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New developments

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Henrik on An Exemplary Mainstream Media…
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Melissa Padgett on New developments
Barry on New developments
Eva Fishman on New developments
Follow World Hum Map and Database Project on WordPress.com
Follow World Hum Map and Database Project on WordPress.com

(I was taught in high school that “new developments” was a redundancy. Perhaps it is, but in either case, it gives the reader the sense that something interesting has happened, and that it is a development).

While I was in Russia, living on Marata Street in St. Petersburg, I was contacted by a Post-Doctoral Fellow working and studying at a serious university in Germany. I am protecting his identity because he fears – rightly so – future employers, for example, looking askance at his association with something that might be construed as some type of mental disorder. I wore him down on that point, and he conceded that he, I, and we, are all experiencing the same thing and that we should work together to figure out what is causing it.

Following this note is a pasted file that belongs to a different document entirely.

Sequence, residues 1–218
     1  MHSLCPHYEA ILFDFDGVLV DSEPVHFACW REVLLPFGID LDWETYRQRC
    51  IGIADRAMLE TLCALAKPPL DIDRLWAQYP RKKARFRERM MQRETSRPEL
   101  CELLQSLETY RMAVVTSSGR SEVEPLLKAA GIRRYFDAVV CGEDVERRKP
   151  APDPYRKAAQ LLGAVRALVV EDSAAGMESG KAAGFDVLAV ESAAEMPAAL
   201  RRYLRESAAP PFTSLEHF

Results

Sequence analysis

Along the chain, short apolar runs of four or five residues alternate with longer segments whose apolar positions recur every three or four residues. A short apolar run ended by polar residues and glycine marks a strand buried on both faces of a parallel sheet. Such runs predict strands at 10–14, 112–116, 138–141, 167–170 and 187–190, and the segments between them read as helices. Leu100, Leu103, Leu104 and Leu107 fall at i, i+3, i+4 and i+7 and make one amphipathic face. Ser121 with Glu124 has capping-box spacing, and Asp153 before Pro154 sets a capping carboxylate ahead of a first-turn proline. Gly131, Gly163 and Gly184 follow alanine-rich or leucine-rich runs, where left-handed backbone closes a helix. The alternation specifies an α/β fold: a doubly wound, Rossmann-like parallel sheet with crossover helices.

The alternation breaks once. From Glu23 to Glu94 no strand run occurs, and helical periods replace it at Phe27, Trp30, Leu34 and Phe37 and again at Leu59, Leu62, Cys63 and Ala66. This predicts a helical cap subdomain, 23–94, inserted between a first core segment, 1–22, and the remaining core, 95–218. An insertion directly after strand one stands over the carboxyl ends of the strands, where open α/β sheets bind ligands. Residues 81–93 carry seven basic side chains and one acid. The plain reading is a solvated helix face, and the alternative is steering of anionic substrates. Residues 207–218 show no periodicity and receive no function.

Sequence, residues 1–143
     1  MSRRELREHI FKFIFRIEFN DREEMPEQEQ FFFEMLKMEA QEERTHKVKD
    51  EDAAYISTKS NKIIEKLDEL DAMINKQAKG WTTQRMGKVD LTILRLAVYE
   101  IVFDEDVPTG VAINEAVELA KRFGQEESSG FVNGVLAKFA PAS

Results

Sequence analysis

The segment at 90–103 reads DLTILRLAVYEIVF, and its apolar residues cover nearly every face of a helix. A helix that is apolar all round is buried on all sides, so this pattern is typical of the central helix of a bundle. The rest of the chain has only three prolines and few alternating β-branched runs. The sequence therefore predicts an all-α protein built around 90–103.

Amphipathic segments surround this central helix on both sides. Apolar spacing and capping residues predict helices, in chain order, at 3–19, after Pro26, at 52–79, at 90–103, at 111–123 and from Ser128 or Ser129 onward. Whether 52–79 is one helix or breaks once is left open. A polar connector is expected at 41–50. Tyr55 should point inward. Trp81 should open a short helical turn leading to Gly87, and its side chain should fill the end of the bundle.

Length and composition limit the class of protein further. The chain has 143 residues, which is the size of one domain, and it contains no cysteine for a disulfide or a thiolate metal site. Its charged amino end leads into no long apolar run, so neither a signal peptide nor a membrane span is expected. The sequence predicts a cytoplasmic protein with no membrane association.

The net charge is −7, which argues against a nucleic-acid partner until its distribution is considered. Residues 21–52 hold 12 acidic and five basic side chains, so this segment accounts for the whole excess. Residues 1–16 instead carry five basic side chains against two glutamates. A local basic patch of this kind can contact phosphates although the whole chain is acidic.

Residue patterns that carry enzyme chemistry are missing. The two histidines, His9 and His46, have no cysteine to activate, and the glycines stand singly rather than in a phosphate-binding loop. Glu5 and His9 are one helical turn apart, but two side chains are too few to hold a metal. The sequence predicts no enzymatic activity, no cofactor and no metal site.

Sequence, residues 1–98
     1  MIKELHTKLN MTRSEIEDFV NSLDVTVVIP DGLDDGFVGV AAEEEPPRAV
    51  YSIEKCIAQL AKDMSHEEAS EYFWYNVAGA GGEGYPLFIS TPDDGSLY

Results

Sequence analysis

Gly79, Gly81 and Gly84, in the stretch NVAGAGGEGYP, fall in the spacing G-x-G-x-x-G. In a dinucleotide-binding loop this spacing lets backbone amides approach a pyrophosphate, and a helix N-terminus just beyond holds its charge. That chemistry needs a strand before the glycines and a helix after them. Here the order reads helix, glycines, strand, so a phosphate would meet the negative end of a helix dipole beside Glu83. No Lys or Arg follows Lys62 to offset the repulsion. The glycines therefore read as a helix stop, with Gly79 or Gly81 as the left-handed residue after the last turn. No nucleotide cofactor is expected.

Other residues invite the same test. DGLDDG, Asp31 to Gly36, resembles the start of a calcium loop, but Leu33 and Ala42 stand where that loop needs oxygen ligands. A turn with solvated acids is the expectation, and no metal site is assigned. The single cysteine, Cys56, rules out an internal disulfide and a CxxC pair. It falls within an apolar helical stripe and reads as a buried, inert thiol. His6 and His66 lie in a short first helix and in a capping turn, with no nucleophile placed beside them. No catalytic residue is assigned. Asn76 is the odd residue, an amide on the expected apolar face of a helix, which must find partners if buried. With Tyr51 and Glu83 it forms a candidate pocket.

It is very real. Most Hum Hearers are just everyday people, representing both genders about equally, and mean and median age distribution curves normally distributed and in tight correlation with population density. There are no such things as “hot spots” unless what they are hearing is actually emanating from a mundane source, such as an industrial roof-mounted fan unit. Henrik has written a seminal article on this topic, which also gives people who hear low-frequency noises a field-guide to tracking down what exactly is causing their local sonic disturbance. One thing we don’t understand yet is why fully ambidextrous people are much more likely to hear the Hum. Also, it appears there is a moderate correlation between Attention-Deficit Disorder (ADD) and Autism in Hum Hearers and their families. These are examples of what we have learned. The phenomenon is so well documented now that I think it’s time for serious people to start talking about it.